Like all social media companies, misinformation has tested TikTok, and sometimes TikTok has failed. Its latest attempt to move the needle is implementing warning labels on potential misinformation that hasn’t been verified by independent fact-checkers.
TikTok said today in a press release that it’ll be looking for content that includes unproven claims, especially those spreading during “unfolding events.” Such videos, it says, won’t reach the For You page (TikTok’s curated main feed where users scroll through random videos) and will include a warning banner reading “Caution: Video flagged for unverified content.” If a user chooses to share the video, they’ll have to click through a substantial popup asking them: “Are you sure you want to share this video?” with an “unverified content” reminder. The video’s creator also gets a notification informing them that they’ve gotten a warning label.
Seems like a lot for a massive platform that supports text, audio, and video. A spokesperson confirmed in an email to Gizmodo that the platform takes “all of those signals into account” and identifies potentially troublesome content through a mix of proactive searching, user reports, and automated detection.
In order to deem a claim “unverified,” TikTok’s moderation team sends videos to one of their fact-checking partners, PolitiFact, Lead Stories, and SciVerify. When a partner determines something to be unambiguously debunked, it’s removed outright, while “inconclusive” determinations will receive this new warning label. (These labels can’t be appealed by the content creator.)
TikTok says that the product — designed with the behavioural science-driven consulting firm Irrational Labs — reduced sharing of labelled unverified claims by 24%. Irrational Labs founder Kristen Berman explained to Gizmodo in a phone call that the key is the warning label “Are you sure you want to share this video?” Because misinformation often activates an emotionally-driven “hot state,” Berman said, people tend to react to it on impulse; a warning label returns us to a “cold state” in which we’re “more logical and deliberate.”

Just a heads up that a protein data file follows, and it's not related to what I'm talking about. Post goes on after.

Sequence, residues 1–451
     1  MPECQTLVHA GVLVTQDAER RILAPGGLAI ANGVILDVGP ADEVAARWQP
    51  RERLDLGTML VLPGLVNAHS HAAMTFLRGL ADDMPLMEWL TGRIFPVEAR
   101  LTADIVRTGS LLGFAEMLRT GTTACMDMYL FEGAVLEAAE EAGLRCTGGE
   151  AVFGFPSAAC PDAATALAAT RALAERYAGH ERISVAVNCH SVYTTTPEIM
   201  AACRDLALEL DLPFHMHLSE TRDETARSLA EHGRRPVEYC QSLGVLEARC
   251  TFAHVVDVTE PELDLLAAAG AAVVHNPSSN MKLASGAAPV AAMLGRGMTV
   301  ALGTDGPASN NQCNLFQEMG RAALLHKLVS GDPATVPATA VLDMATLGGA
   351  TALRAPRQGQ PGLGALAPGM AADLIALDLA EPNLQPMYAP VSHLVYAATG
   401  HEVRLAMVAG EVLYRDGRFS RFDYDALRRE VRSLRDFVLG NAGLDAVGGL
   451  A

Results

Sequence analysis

“We hypothesise that adding a second piece of friction, making people pause, gets us to potentially reevaluate if we really want to share this information,” Berman said. “We just saw something that reminded us of the value of truth.”
TikTok’s intervention mirrors Twitter’s, though it’s difficult to say how effective these labels have been. Warning labels led to a 29% reduction in “Quote Tweets of misleading information,” Twitter claimed last November; however, this was during a broad attempt to put a similar “cold state” roadblock on quote tweets while simultaneously limiting retweets, a shift that was considered a failure, and the change was reverted last December, after about two months of testing. Facebook’s own attempts to stanch the flow of misinformation have been no less bumbling.
It’s impossible to know the scope of misinformation on TikTok, since it doesn’t provide a research tool like Facebook’s CrowdTangle. But it has worked on making it harder to find conspiracies and hate speech for U.S.-based users. This isn’t to say that seditionist militia content isn’t easily searchable (it is) or that QAnoners haven’t played whack-a-mole with the tags (they have) or that TikTok hasn’t engaged in extraordinary levels of censorship (that too). This is just to say that scrubbing QAnon and extremist group hashtags from search results long before the Capitol insurrection was probably a good thing, and these roadblocks can’t hurt. Hopefully. It’s not like the bar for a social media company protecting its users is especially high.